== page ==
Water and diluting juice

Keep yourself hydrated throughout the day, drink water and its probbably even worth having some juice too for taste. This is a big one, and you probbably know it already but its easy to forget. Keep yourself nice and refreshed throughout the day.


Good food

Having food is not only going to keep your energized but it can even distract you from that headache thats been killing you all day. Soup is a good start, but fruit like Oranges and Pineapple are amazing at pepping you up. Its worth getting something your going to enjoy when you are sick, the better you feel the faster you will get over it.


Thats all for this blog, thanks for taking the time to read it.

If you want more free and great advice email think@edgehill.ac.uk or leave a comment below and I will get back to you. If you want to suggest something to write about or want to be interviewed leave a comment below also and I will get back to you personally!

Yoga! 🧘🏽‍♀️🕉

Hello! 

In my last post where I talked about the gym here at Edge Hill University, I mentioned yoga.  The sports centre provide a number of amazing classes and activities but Yoga 🧘🏽‍♀️ is by far my favourite.

They run Yoga on Tuesday at 8.20pm, Wednesday at 2pm and 6.30pm and Sunday at 9.30am. It lasts for an hour and the ones I go to are more of a relaxing, light yoga – it definitely brings some heat to your face and body but it’s nice, controlled stretches rather than painful poses! I can’t recommend it enough.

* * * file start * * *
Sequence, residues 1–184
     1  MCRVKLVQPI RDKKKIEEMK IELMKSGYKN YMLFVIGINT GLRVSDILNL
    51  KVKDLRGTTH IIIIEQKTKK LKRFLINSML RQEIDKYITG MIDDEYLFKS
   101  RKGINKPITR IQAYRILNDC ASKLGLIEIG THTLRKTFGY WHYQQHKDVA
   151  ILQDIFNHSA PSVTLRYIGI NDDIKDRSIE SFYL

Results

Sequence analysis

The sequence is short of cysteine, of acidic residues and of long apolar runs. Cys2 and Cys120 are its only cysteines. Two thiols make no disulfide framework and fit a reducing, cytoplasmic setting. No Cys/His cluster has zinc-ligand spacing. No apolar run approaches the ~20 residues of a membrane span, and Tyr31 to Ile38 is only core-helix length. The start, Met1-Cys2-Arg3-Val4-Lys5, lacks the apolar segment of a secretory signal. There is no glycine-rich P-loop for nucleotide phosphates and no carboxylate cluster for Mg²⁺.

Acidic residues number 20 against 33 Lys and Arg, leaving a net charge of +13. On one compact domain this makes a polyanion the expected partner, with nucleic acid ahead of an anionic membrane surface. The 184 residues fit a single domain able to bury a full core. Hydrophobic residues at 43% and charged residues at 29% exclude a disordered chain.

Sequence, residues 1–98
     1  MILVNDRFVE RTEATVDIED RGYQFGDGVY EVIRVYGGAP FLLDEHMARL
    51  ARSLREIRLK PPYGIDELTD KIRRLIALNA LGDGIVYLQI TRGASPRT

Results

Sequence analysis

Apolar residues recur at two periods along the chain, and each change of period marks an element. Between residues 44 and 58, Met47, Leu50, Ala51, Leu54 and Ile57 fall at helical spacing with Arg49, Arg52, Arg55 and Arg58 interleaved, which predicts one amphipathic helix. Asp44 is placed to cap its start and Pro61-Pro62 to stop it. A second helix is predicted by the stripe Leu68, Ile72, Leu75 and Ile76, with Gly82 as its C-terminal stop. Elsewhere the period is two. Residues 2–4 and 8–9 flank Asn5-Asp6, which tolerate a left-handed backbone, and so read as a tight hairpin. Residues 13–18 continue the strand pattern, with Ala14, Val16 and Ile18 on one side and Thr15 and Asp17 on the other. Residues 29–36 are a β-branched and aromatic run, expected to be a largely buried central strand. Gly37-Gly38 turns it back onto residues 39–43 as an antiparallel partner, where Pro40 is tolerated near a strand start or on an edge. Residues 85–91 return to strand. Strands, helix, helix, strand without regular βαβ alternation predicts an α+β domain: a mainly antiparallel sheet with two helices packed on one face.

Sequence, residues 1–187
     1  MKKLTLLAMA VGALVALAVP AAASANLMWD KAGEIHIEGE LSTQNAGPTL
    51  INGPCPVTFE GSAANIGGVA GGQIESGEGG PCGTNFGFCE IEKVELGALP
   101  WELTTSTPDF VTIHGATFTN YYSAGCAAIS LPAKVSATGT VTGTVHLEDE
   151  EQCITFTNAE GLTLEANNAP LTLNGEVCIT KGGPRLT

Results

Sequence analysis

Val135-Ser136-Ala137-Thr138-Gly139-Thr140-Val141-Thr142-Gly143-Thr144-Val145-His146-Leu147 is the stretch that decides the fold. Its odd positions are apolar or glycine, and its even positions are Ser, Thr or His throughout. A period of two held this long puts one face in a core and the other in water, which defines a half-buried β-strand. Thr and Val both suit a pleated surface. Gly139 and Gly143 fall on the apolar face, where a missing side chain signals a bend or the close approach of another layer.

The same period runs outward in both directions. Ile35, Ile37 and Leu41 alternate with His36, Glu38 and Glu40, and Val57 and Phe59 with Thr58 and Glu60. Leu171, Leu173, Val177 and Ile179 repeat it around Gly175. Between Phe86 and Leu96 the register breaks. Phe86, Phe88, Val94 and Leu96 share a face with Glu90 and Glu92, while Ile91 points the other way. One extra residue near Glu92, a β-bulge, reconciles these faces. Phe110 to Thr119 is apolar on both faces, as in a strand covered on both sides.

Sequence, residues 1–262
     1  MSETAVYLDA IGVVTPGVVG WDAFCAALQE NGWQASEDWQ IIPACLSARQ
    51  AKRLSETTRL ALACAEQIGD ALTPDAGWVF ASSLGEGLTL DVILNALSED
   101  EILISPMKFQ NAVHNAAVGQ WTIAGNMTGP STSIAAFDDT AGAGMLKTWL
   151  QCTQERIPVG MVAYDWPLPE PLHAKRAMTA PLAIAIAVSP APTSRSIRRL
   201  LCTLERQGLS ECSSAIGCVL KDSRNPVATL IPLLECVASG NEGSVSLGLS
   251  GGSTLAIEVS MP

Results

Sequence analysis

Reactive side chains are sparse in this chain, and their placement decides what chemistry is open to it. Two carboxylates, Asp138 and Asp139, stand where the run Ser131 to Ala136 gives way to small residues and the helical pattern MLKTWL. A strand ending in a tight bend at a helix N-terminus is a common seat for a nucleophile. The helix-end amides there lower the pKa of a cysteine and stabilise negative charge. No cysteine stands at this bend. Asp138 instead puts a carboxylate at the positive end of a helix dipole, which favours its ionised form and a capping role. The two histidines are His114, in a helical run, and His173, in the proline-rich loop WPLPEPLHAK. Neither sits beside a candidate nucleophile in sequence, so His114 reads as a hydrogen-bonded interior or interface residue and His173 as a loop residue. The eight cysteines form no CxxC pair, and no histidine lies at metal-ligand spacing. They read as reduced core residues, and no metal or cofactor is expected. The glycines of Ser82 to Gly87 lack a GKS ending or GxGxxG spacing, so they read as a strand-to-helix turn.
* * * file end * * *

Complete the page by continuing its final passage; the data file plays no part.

Yoga is included in the residential membership, which if you apply in the first four weeks you pay £80 for the rest of the year (see more here). It is quite popular so it’s best to book in advance to avoid disappointment. You can do this two ways, either by going into the sports centre and speaking to the reception, or the much easier way is to book it online! You can book any class or activity online and it will show you how many places are left – if there are no places available you will be put on a waiting list and be emailed when/if someone cancels.

This is what my current account looks like. The activity on the 17/3 is at an arrear status as I booked the class but failed to go, and I also forgot to cancel so I was charged the price of the class because of this. You have to scan your membership wristband to get into the gym or the studio so if you don’t turn up, it will register on your account so it’s important to cancel if you can’t make it, as I’m sure you understand. ✌🏽

Thanks for reading! Please feel free to comment with any questions!

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How to Give a Good Presentation

Hi everyone, since we are approaching deadline time, some of you may be facing the prospect of having to deliver a presentation, either on your own or as part of a group, but don’t sweat here’s some things that will help make your life easier.


1. Delegate: If it’s a group presentation than deciding who is covering what topics beforehand is vital and when I mean beforehand I mean not five minutes before as that just confuses everyone, instead while your group is creating the presentation is a good time to get it sorted. This saves you from awkward gaps of silence where you would have to inevitably wait ten seconds for whoever’s turn it is to realise they should be talking, nightmare.